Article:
Long-term care planning is essential if a person wants to ensure they will be able to afford the help they’ll need in their old age. Some people will need in-home care. Others might live in an assisted living facility or a nursing home. While some may be relying on Medicaid and their retirement savings to afford such care, there are other means for paying for elder care.
For example, many baby boomers in New Jersey may have purchased long-term care insurance while they were still working. Now, those who have retired and are living off their retirement savings may have concerns about those long-term care insurance policies they bought years ago. Will there be enough coverage under their policy to meet their future needs? Or, if their premiums are ever-increasing, will they even be able to continue to afford long-term care insurance?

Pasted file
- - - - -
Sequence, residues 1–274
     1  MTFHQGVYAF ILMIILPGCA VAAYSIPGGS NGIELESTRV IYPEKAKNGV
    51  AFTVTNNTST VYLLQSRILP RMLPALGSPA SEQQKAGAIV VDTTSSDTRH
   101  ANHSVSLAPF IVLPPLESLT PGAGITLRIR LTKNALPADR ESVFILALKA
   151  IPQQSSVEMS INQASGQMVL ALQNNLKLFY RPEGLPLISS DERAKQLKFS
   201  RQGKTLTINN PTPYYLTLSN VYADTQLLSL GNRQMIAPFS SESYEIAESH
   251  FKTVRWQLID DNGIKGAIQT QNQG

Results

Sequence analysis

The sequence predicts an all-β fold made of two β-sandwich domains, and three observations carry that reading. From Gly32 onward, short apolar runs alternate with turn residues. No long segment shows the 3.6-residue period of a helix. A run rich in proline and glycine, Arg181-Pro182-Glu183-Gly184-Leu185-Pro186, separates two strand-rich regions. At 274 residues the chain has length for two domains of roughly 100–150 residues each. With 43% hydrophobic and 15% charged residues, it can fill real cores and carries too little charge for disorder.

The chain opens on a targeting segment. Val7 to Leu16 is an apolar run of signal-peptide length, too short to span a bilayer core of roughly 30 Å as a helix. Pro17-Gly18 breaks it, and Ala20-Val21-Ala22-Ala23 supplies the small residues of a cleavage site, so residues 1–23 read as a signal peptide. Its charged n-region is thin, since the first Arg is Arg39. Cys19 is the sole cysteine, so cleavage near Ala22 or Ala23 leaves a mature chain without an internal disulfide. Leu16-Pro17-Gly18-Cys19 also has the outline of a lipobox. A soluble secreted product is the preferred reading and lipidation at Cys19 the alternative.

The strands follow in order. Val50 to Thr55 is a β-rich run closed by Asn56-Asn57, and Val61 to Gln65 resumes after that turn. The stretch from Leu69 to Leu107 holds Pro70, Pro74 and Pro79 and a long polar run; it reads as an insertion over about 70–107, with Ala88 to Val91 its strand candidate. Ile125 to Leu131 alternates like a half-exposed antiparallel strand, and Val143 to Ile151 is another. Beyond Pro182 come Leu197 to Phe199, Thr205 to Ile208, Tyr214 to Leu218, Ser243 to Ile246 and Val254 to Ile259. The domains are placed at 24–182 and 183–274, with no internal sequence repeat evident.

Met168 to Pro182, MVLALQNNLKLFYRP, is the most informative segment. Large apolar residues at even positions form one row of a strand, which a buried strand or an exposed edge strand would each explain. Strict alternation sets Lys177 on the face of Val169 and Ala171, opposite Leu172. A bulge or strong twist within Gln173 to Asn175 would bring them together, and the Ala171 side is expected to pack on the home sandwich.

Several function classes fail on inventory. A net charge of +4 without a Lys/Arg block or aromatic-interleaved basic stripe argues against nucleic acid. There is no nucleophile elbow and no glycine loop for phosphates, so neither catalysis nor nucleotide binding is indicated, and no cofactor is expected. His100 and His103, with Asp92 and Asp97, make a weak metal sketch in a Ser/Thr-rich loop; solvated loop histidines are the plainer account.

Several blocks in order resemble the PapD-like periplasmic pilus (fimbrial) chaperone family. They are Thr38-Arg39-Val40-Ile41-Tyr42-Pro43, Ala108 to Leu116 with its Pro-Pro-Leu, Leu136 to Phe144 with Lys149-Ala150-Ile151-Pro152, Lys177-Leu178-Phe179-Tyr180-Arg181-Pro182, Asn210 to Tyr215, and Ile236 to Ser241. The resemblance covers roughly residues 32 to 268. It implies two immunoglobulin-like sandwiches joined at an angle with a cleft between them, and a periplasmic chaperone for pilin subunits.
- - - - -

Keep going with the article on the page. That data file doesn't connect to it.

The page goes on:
If a person has a long-term care insurance policy but is having trouble meeting the premiums, they may have options. One option that might be available to some is to decrease their future inflation protection or choose a shorter benefit period in exchange for lowering the rate increase. Another option might be to look at long-term care insurance not as the primary means for affording elder care, but instead as a way to fill in the gaps that one’s retirement savings or Medicaid won’t cover.
Long-term care insurance may be an option for some who anticipate needing elder care, but do not want to deplete their savings paying for it. Of course, it is not the only option. Medicaid may be available to those who qualify, and there may be other public benefits available as well. Some may also choose to fund their elder care with investments or a home equity loan. These self-help measures can be very useful to those who are looking for ways to pay for long-term care.
Source: The Union Democrat, “The long-term-care insurance dilemma,” Kimberly Lankford, April 19, 2018